The fight escalated when Mr. Right expressed his displeasure by raking his broken glass across Lefty’s face. A few days later, the wounds swelled red and blotchy. Her stomach churned when she examined their faces closely.

His opponent fared no better. Lefty managed a couple of solid jabs with a shard from a shattered plate. His cheek and eyebrow were held together with the help of twenty-two stitches.

How did these men still have jobs? Surely trying to kill your co-worker violated the Employee Code of Conduct. But because they had no previous violence on their records, the company’s agreement with the union guaranteed them the right to an investigation – this investigation.

“I told ‘em to back off and leave my Tigers alone,” Idiot Number One shouted. “But he started waving around his God-damned glass. I had to grab hold of something to protect myself. A man’s got a right to defend himself and his pride.”

“What the hell are you talking about, son?” Moron Number Two chimed in. “You were the one bent outta shape in the first place. He’s pissed because my Hogs’ll beat the hell out of this pussy lover’s team next year.”

Hogs? Tigers? Did these men seriously put their jobs and lives on the line over the Arkansas and LSU football teams? Did Lexi have to take team allegiances into consideration when she hired new employees to avoid catastrophe? Were SEC fans this torn up about football year-round?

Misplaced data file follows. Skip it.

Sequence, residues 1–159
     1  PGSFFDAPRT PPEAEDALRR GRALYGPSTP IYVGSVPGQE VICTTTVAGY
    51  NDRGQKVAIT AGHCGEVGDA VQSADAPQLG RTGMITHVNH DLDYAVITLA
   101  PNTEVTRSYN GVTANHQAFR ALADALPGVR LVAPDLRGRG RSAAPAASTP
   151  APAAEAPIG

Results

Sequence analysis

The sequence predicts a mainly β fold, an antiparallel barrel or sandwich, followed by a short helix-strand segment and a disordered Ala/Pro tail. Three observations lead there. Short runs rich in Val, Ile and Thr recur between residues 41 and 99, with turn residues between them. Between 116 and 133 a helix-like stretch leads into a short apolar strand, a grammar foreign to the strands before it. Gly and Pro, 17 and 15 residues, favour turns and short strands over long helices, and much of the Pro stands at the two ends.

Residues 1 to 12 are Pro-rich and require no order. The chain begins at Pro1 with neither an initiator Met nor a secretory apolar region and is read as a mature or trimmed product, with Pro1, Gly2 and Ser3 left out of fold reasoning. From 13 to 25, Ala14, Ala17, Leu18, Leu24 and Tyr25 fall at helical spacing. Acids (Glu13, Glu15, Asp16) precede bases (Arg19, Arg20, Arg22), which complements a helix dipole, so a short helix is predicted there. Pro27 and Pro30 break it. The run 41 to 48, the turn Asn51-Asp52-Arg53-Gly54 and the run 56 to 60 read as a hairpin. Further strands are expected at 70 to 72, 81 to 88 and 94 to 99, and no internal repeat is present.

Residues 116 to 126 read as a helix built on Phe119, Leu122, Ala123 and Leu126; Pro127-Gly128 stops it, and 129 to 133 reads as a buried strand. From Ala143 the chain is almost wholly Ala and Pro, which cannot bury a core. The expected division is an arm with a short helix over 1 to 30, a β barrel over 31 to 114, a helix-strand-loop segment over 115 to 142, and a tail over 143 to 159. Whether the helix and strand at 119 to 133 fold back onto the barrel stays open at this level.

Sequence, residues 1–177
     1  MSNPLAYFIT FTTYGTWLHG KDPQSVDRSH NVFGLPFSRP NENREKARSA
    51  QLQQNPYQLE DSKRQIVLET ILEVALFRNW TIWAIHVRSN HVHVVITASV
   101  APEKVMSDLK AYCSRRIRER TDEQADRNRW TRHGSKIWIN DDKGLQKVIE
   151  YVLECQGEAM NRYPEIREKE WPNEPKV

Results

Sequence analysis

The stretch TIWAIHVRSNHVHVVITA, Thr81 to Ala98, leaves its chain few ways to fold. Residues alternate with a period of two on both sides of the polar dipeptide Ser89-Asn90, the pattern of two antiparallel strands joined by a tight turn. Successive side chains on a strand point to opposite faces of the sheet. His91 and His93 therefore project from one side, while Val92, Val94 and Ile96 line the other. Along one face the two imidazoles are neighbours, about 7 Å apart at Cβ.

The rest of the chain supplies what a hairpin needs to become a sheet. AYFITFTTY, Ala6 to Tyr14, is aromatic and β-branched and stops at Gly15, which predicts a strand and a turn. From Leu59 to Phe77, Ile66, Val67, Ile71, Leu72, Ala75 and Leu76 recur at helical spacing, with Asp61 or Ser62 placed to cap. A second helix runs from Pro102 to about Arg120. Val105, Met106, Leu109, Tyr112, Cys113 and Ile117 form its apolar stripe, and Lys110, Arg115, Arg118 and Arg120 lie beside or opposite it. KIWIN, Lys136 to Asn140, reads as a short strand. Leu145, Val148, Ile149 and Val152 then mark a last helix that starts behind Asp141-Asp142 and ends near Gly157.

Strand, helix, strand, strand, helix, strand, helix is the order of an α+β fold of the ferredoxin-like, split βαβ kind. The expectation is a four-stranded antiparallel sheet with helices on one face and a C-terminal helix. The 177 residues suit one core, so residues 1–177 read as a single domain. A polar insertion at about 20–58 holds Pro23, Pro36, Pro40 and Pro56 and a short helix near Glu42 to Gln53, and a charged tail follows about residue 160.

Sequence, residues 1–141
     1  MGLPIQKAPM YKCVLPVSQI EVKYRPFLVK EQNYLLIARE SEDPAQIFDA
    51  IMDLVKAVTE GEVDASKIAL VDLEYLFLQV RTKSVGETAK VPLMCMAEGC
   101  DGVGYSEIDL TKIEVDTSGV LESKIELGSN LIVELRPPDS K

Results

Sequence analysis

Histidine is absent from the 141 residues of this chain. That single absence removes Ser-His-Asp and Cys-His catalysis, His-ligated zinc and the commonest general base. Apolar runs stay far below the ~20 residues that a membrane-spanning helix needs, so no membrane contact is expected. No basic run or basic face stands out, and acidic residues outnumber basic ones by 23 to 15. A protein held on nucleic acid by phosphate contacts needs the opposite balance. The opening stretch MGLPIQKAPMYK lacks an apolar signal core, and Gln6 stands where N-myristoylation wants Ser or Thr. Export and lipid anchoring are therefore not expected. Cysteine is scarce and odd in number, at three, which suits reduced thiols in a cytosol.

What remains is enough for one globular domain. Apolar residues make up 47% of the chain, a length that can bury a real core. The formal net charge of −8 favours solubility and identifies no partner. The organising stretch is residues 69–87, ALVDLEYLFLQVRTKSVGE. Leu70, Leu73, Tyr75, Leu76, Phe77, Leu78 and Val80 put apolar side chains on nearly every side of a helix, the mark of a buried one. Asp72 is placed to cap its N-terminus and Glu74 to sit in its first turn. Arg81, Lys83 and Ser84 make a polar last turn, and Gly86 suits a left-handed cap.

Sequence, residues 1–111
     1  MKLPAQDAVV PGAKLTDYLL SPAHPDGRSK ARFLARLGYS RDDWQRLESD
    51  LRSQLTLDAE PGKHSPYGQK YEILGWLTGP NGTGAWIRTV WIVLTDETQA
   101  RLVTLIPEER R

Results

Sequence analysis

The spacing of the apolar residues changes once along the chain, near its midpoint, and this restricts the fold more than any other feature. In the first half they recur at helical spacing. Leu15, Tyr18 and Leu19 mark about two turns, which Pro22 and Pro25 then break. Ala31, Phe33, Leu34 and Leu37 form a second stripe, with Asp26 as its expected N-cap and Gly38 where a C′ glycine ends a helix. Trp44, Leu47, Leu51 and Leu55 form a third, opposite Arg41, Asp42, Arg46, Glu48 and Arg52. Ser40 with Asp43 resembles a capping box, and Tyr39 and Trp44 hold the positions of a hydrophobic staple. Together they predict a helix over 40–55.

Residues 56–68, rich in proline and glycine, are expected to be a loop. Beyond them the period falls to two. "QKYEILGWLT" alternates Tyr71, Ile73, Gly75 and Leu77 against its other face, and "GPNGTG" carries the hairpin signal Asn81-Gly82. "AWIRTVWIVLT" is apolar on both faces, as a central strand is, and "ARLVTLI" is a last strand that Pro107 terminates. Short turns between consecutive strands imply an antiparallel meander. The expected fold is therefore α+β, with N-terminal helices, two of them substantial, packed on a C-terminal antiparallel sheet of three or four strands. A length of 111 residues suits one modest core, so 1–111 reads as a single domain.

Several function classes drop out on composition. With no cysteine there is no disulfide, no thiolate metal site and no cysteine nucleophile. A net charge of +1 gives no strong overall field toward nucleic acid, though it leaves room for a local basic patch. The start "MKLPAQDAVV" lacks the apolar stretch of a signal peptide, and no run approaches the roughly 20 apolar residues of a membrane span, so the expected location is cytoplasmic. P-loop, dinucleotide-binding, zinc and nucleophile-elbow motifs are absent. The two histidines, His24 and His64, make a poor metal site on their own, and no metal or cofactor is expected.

Will we have full-on riots come September?

She struggled to recall the last two football seasons, but nothing came to mind. In her early days at Gulf America, she’d spent most of her life adjusting to the heavy travel schedule of a field HR representative. Current events, sports, and anything unrelated to HR dealings never entered her mind. She instead concentrated on getting through each day, never mind remembering what happened in the rest of the world.

What kind of fights should she expect when the Big 12 schools in Texas started beating up on each other in the fall?

God help us all.

Pulling her shoulder-length brown hair off her neck, she longed for a breeze. Not the kind from men yelling at each other, but a real, honest-to-God breeze.

She sighed and stared back at her notes. Even if the investigation proved the men deserved firing, she wouldn’t make the decision. Her worthless boss would be using whatever recommendations she gave him.